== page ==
Mr. Green's Blog
On February 8, the California Lighting and Technology Center (CLTC) held a webinar to review major changes went into effect earlier this year in California’s lighting appliance regulations and highlight resources for manufacturers, retailers and consumers. Major changes included updates to lamp regulations and categories, updates to the California Appliance Efficiency Database, and rules on product labeling.
The proposed eligibility requirements for the ENERGY STAR® 2018 Most Efficient program are now available for review.
The program, now in its 7th year, promotes the most efficient products in fourteen specific product categories. The 2018 program continues the focus on the current twelve product categories and adds a new one (dehumidifiers). It also re-introduces televisions, temporarily removed in 20171.
The United for Efficiency (U4E) organization recently published a new report entitled "Accelerating the Global Adoption of Energy-Efficient Lighting." The report provides guidelines to countries on how to promote energy-efficient lighting in their respective national markets. The report maintains that following the guidelines will reduce greenhouse gas emissions, generate significant economic benefits, and enhance energy security.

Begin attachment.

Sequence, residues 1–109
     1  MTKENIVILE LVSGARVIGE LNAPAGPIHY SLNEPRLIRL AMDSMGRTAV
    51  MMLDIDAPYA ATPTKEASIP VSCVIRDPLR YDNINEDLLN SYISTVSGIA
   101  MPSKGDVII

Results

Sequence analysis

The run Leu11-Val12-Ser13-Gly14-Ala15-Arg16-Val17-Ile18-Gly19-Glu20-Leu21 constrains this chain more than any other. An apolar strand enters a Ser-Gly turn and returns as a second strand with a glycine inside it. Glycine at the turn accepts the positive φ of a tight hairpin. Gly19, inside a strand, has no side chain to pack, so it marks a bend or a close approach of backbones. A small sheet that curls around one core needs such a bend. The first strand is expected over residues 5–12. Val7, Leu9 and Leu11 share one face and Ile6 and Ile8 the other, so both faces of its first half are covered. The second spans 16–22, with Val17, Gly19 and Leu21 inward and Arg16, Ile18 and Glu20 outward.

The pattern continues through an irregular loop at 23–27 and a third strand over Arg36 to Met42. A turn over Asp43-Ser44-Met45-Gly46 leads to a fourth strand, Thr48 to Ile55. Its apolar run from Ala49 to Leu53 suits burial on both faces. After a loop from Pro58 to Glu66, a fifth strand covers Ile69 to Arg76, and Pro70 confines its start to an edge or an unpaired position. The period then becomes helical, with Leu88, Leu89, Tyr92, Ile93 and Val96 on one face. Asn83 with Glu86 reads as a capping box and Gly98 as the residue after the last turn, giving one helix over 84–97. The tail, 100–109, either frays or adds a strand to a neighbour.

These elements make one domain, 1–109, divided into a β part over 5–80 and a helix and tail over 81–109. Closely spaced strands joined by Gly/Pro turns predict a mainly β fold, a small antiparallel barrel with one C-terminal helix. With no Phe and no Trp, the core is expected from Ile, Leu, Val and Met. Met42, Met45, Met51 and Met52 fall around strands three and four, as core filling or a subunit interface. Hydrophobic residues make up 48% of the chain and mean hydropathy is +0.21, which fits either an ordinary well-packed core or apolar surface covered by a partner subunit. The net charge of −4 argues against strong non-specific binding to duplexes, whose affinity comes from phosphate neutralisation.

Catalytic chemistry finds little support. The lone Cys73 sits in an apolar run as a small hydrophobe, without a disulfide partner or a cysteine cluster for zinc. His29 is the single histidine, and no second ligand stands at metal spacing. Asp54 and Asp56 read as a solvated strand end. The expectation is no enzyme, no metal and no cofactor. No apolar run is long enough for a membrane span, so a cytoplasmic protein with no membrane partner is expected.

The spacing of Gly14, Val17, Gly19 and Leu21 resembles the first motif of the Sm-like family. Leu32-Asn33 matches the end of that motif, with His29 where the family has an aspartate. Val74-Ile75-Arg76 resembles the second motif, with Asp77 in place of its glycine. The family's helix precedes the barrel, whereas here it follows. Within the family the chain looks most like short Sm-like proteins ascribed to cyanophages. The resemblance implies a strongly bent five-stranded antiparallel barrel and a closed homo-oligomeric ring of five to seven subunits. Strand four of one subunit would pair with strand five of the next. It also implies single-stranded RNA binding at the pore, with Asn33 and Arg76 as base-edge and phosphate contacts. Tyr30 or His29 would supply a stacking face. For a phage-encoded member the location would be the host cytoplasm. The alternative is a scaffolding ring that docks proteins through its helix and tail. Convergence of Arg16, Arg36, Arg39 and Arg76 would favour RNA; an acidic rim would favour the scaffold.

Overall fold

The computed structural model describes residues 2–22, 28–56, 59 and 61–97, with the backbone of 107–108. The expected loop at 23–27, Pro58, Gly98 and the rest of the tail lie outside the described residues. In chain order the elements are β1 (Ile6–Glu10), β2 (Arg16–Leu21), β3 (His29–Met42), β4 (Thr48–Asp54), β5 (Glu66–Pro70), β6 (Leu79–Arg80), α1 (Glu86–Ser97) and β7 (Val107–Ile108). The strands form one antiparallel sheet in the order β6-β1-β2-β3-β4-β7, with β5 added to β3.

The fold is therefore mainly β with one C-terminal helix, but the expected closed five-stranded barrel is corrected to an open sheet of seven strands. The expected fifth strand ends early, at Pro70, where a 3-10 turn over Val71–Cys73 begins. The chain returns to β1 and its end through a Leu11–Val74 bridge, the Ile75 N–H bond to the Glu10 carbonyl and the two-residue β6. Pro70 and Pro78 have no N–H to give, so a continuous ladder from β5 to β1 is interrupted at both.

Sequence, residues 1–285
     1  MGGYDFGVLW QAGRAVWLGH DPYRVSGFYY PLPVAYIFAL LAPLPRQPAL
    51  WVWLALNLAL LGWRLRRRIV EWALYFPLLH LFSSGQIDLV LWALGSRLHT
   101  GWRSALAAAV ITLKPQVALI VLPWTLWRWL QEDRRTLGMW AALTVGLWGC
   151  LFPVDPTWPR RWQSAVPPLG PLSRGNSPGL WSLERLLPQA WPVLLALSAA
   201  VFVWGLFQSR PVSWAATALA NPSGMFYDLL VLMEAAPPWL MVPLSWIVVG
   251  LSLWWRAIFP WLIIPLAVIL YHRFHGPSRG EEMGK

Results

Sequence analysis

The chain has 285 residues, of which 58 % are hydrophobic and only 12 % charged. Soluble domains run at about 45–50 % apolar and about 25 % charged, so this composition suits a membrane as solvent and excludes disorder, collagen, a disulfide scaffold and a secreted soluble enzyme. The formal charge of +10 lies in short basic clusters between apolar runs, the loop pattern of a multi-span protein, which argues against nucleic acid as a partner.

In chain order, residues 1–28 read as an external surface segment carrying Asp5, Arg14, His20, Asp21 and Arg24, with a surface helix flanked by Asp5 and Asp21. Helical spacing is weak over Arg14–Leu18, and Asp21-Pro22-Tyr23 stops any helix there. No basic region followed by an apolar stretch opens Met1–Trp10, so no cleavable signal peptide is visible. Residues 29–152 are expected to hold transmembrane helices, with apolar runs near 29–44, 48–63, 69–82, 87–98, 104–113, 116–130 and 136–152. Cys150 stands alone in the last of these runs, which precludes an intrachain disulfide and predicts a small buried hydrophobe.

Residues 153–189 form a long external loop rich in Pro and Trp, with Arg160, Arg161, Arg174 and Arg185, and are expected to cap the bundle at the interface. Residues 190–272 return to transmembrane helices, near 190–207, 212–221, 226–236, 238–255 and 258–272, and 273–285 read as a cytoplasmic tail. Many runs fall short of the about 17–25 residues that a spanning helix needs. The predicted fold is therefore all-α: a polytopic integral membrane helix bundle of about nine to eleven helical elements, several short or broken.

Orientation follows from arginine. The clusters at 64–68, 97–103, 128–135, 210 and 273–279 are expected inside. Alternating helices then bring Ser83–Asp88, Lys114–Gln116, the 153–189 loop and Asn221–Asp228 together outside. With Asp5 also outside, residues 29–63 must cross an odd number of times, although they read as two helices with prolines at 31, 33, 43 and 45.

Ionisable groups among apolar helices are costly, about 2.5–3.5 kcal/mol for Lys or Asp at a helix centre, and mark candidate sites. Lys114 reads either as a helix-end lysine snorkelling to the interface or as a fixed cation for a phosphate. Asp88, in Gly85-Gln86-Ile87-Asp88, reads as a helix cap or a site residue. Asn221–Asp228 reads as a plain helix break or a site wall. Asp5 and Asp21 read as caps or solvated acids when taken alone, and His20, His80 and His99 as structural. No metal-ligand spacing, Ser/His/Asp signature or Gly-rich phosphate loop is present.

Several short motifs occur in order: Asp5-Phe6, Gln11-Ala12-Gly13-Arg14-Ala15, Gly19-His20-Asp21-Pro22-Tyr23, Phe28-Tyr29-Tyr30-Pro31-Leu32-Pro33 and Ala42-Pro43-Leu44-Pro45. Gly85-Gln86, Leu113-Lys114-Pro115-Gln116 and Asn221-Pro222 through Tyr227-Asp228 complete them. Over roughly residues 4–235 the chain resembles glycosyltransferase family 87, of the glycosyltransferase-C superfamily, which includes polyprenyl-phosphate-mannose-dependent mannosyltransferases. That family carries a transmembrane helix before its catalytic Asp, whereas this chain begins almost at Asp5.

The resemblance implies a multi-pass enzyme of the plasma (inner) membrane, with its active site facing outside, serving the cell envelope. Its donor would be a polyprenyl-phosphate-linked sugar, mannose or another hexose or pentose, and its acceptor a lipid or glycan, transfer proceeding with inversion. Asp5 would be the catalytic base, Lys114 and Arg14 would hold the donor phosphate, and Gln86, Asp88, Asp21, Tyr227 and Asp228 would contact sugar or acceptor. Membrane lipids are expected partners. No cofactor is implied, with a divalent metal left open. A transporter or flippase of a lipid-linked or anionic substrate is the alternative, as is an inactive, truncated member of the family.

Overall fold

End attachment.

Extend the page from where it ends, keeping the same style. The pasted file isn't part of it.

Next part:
The California Energy Commission (CEC) has officially begun the second phase of its 2012 Order Instituting Rulemaking process to consider new efficiency requirements for the state’s Title 20 Appliance Efficiency Regulations.
Through its Equipment Energy Efficiency (E3) program, Australia's goal is to deliver a single, integrated program on energy efficiency standards and labelling. The E3 Program recently released a Lighting Consultation Regulation Impact Statement (RIS) considering policy proposals to improve the efficiency of residential and commercial lighting.
Products addressed in the lighting RIS are:
Late last month, the U.S. Environmental Protection Agency (EPA) released the first draft of a proposed revision to the current ENERGY STAR product specification for lamps (light bulbs). The EPA hopes to continue the market transformation of efficient lighting by incorporating spec changes that allow expanded product selection and increased production flexibility.
Key changes proposed for the new version include:
LED lamp manufacturers now have to meet new efficacy and performance requirements to qualify for California based rebates.
In December, the California Energy Commission (CEC) approved version 3 of its LED lamp quality specifications. Started in 2012, the Voluntary California Quality LED Lamp Specification program sets minimum requirements that lamps must meet in order to be eligible for state-funded investor owned utility (IOU) rebate programs. The revised requirements became effective January 1, 2017.